PM Sogavare calls on UNGA to Support PICs in Fighting Climate Change
Prime Minister Mannaseh Sogavare has called on the United Nations General Assembly (UNGA) to support Pacific Island Countries in their fight against climate change.
Addressing the UNGA in his speech last week, Prime Minister Sogavare highlighted those experiences such as the onset of extreme temperatures, heat waves, flooding and drought has increased Pacific Island countries’ vulnerability to the negative impacts of climate change.
He informed the meeting that current indicators to address these islands’ vulnerability are inadequate.
“For pacific island countries like the Solomon Islands, vulnerability is a key hindrance to sustainable development. Currently, indicators to measure vulnerability are inadequate.
Solomon Islands therefore calls on all states and partners to support the development of the multidimensional vulnerability index (MVI) and looks forward to its finalization and adoption,” he said.
Prime Minister Sogavare also reiterated the importance of the establishment of global financial mechanisms for disaster recovery to enable Pacific Island countries to recover from climate change related disasters.
“Pacific Island countries including Solomon Islands are in a constant mode of recovery from disasters. Global financial mechanisms for disaster recovery need to be established to ensure the burden of recovery and building back better and stronger following rapid onset of disasters that are not born solely from countries that are in serious need of support.
Considering these challenges, the pacific region has declared a state of climate emergency. Sadly, we are seeing more resources spent on war than on combating climate change. This is extremely unfortunate.”
He further calls on the UNGA to support the pledging session for the Pacific Resilience Facility which will also be held during the meeting.
“Pacific countries have also established a Pacific Resilience Facility, a financing mechanism that aims to build resilience and reduce vulnerability of the pacific population to the negative impacts of climate change.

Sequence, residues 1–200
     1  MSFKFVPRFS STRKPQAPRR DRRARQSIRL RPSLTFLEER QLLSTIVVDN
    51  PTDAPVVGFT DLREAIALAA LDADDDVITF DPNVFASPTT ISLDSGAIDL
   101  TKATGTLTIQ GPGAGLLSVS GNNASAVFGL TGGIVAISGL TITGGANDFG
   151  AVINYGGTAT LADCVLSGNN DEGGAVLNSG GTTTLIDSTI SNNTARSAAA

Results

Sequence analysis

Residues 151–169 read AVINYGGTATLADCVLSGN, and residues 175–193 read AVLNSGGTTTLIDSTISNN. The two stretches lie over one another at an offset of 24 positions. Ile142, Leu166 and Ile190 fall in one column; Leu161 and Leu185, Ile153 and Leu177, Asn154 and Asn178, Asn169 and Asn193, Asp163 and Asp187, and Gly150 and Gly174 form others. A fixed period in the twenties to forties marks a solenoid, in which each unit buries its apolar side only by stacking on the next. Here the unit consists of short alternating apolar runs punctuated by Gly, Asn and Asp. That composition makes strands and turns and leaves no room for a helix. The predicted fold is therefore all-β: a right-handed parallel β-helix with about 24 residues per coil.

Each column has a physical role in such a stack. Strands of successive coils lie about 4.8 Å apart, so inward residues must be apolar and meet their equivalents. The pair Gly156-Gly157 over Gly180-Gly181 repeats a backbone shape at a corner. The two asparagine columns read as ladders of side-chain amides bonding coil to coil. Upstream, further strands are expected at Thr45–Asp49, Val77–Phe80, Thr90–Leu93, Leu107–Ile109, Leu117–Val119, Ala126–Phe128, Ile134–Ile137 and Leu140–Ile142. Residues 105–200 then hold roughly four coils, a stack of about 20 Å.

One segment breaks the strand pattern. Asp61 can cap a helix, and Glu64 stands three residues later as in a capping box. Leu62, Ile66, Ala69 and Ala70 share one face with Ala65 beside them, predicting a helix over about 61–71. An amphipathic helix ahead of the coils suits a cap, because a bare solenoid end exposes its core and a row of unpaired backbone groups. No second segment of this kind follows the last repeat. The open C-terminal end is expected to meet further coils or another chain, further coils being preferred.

A pledging session for the facility will be held during this session and we call on all partners to support the facility.”
Sogavare also commended Vanuatu’s initiative requesting support from the UNGA to ask the international court of justice for an advisory opinion on climate change.
The Vanuatu Government last year, with support from a global alliance of civil society groups representing more than 1,500 civil society organizations in 130 countries launched a campaign which seeks an International Court of Justice Advisory Opinion on the issue of climate change and human rights.
This Vanuatu led initiative was a step forward in getting climate change to be considered by the World’s Highest Court.
The Pacific Islands Forum 2022 communique further shows support from Pacific Island countries towards the initiative, as Leaders commended Vanuatu on its initiative on a pathway to secure a request from the UN General Assembly (UNGA) for an advisory opinion from the International Court of Justice (ICJ) to clarify legal consequences of climate change, noting the urgency of the climate change threat and the need for accelerated global climate action and implementation of the Paris Agreement.
The communique further states that Leaders want the UN General Assembly to pass a resolution requesting the International Court of Justice to provide their opinion on the obligations of states under international law to protect the rights of present and future generations against the adverse impacts of climate change.
Prime Minister Sogavare then called on all parties going into COP27 to set more ambitious, national-determined contributions that would put the world on a 1.5-degree pathway.
“We would also like to see a roadmap for ease of access and timely disbursement of the year’s 100 billion Dollars adaptation finance by 2025.
The discussions on loss and damage demand a stand-alone agenda and COP 27 aims at establishing a loss and financing facility”, he said.
By Eliza Kukutu